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Amartya Sen revisited: trade, inequality and growth in central Spain, 1700-1800

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  • Carlos Santiago Caballero

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Abstract

This paper studies the effects of trade and inequality in central Spain during the eighteenth century, taking as case study the province of Guadalajara and the surrounding regions. The first part of the paper presents a specific factors model as theoretical framework that will later be applied to the empirical data. The second part introduces an analysis of income inequality in the province during the eighteenth century and concludes that inequality decreased, especially during the last third of the century. Finally the paper addresses this unexpected result and concludes that it was consequence of the success of the land reform carried out by the central government in the late 1760s. The reform was a success in Guadalajara thanks to the characteristics of its population and the lack of bargaining power of pressure groups. Following Sen’s ideas, the reduction in inequality meant that markets could work properly and that a majority and not only a few could take full advantage of the benefits of trade.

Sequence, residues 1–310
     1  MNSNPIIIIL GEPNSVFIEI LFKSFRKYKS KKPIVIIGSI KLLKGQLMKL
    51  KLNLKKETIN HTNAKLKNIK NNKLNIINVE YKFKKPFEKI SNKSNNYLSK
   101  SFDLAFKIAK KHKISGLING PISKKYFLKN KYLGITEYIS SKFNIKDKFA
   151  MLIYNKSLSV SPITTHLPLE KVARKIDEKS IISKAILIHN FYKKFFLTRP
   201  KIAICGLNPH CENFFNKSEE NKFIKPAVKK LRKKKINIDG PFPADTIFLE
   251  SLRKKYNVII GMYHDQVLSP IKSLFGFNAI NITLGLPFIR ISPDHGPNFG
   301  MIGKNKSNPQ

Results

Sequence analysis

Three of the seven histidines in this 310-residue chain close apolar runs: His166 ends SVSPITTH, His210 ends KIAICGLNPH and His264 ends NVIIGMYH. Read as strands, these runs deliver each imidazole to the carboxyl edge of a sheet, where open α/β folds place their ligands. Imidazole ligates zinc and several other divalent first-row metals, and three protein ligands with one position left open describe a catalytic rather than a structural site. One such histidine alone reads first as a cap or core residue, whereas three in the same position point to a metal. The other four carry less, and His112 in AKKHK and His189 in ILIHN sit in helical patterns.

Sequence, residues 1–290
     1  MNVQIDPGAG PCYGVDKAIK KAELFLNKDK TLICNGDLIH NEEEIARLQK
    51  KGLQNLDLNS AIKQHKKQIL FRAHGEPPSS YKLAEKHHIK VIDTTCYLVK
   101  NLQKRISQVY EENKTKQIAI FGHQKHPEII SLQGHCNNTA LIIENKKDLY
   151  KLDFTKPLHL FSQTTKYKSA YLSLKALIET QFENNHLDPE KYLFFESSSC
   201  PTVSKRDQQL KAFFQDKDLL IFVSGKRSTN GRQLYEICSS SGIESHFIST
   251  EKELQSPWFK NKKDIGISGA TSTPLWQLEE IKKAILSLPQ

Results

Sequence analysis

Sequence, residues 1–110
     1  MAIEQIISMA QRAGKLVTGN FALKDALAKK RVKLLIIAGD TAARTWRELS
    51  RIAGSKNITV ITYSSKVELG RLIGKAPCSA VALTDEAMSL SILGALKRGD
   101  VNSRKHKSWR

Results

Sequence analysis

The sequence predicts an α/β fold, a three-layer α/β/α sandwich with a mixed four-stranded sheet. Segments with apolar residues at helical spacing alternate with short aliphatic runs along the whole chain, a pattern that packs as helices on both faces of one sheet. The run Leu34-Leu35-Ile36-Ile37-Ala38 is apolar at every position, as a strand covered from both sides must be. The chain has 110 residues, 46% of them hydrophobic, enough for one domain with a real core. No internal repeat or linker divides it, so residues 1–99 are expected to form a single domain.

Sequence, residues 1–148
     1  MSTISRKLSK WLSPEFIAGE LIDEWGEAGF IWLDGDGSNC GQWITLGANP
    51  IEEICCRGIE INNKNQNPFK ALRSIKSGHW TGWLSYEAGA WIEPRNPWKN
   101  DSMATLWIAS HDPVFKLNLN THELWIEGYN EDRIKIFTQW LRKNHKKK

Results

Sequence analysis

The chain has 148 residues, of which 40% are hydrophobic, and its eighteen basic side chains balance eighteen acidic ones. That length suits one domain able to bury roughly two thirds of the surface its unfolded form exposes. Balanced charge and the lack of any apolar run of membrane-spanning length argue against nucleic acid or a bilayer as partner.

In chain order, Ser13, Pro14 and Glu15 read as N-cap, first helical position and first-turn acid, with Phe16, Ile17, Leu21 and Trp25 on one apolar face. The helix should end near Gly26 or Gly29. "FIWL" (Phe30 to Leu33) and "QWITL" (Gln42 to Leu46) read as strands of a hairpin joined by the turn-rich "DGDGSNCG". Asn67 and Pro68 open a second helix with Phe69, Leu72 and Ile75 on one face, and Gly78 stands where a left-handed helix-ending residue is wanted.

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Bibliographic Info

Paper provided by Universidad Carlos III, Departamento de Historia Económica e Instituciones in its series Working Papers in Economic History with number wp10-04.

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Date of creation: Mar 2010
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Handle: RePEc:cte:whrepe:wp10-04

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Keywords: Trade; Inequality; Pressure groups; Institutions;

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